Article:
The Presidential debates format is as stodgy as the two choices we are usually given to choose between. The debate format was last given a surge of new blood by way of introducing the town hall forum style way back in the early 1990s. And even that seemingly more free-flowing and less rigidly controlled format has quickly become predictable as just as empty of insight as the sight of two candidates standing at podiums and flooding the airwaves with vague answers to increasingly simplistic answers.
Not only is the Presidential debate construct hopelessly outdated, but it also provides an opportunity for questionable conclusions on the winner. In the first Presidential debate of the 2012 election, Mitt Romney received a substantial poll bounce as a result of being declared the clear winner. Romney was declared the clear winner despite the fact that the bulk of material he presented on his way to “winning” the debate was overflowing with misinformation, disinformation, flat-out lies or a 180-degree flip-flop on the positions on the issues that he was stating publicly in speeches just days before the debate.
Clearly the Presidential debate is not as useful as it might be. Not to mention being some of the most boring, monotonous and non-informational programming to be seen on television this side of the A&E network. Since Presidential debates became a regular and expected element of the election cycle from which no serious candidate dare think of shrinking, the face of television has changed substantially. A generation has now been raised on the concept that absolutely every aspect of American life can e boiled down to a competitive television program wrongly referred to as Reality TV.
Americans have become so conditioned to the Reality TV mythos that to elect our leader in any other way seems ludicrous. For one thing, if electing a President introduced a method of “debate” that quite clearly revealed not the minor ideological differences masquerading as enormous chasms of political philosophy , but instead a very solid foundation for determining the intelligence, insight and psychological state of mind of the candidates to lead the country, more people would become engaged.
That is why I propose that we scrap the current debate formats and institute a replacement with which the overwhelming majority of voters can relate. For starters, the candidates should be required to go on “The Price is Right.” How many people have watched “The Price is Right” and rolled their eyes or even shouted to the TV screen about the idiocy of some contestant who bids ridiculously over or under what a certain well known product costs? If you think that some guy who works in an office somewhere is an idiot because he can’t come within three dollars of knowing how much three cans of soup costs, then what would you think of a Presidential candidate who is equally oblivious?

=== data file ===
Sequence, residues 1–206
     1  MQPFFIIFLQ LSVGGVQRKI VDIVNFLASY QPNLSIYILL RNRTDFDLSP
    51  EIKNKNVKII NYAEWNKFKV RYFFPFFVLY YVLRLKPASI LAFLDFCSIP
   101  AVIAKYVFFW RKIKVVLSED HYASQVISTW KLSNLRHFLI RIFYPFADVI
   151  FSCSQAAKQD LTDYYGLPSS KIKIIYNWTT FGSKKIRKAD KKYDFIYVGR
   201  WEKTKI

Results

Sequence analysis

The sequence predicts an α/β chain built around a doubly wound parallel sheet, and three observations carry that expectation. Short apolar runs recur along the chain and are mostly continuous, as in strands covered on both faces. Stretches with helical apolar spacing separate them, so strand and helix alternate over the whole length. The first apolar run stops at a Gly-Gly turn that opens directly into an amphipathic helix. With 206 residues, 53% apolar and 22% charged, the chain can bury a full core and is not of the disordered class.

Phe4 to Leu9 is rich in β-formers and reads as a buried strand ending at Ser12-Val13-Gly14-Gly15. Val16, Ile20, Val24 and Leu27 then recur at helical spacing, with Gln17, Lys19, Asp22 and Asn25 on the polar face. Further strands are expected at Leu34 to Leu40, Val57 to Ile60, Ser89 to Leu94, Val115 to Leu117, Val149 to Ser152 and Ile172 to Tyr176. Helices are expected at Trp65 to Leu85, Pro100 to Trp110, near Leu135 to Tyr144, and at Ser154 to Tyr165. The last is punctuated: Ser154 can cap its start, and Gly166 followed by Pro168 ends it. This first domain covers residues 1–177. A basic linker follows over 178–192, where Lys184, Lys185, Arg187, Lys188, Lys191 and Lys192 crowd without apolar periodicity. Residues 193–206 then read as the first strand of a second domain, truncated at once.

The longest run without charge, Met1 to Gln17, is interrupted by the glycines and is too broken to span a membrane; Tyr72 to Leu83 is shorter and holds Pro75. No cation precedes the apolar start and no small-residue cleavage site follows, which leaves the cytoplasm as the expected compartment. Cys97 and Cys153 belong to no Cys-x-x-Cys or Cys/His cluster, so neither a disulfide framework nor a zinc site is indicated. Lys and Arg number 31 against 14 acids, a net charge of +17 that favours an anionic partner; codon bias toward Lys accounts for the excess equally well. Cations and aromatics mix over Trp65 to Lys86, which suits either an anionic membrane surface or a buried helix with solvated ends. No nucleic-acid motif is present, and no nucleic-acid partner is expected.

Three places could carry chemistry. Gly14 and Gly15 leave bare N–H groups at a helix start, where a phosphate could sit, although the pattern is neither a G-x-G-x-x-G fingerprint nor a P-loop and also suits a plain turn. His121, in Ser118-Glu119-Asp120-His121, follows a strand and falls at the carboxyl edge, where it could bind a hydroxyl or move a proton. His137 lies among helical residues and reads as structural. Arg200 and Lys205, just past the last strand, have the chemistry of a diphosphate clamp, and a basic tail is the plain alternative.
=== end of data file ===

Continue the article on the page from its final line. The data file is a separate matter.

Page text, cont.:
The accusation of being out of touch with the common man has dogged Mitt Romney throughout the 2012 election. Let me tell you something: if you want to know just how out of touch he or Barack Obama really are with you and your economic issues, you won’t find out by some talking head telling you about his tax return. Let’s see if either candidate has the slightest idea how much the things you buy every day cost.
After determining how out of touch or how close to being in touch a candidate is on “The Price is Right” they come back for the second debate. Which has now become the game show “Jeopardy!” Now it’s time to see just how much in control of the facts these guys really are. The categories would all have relevance to issues of the election and the questions posed in the form of an answer would let us know just how “book smart” the guys we are election really are.
The final stage of debate would be an entirely new game show developed specifically for the Reality TV version of the Presidential debates. The first debate gives us insight into empathy with our own plight and the second debate ensures we don’t let another election wind up so close that an idiot like George W. Bush manages to sneak in the back door. The final debate would be constructed to show how the candidates would behave under pressure. The precise method for doing this I have decided to leave up to a panel of psychologists who are charged with creating a series of tests and scenarios to put the candidates through that reveal-to the greatest extent possible-just what type of mental state we are doing with here. I mean, c’mon: any number of jobs require that the applicant submit to psychological testing to ensure they are up to the job. You seriously want to suggest that a Presidential candidate should not be willing to submit to the same?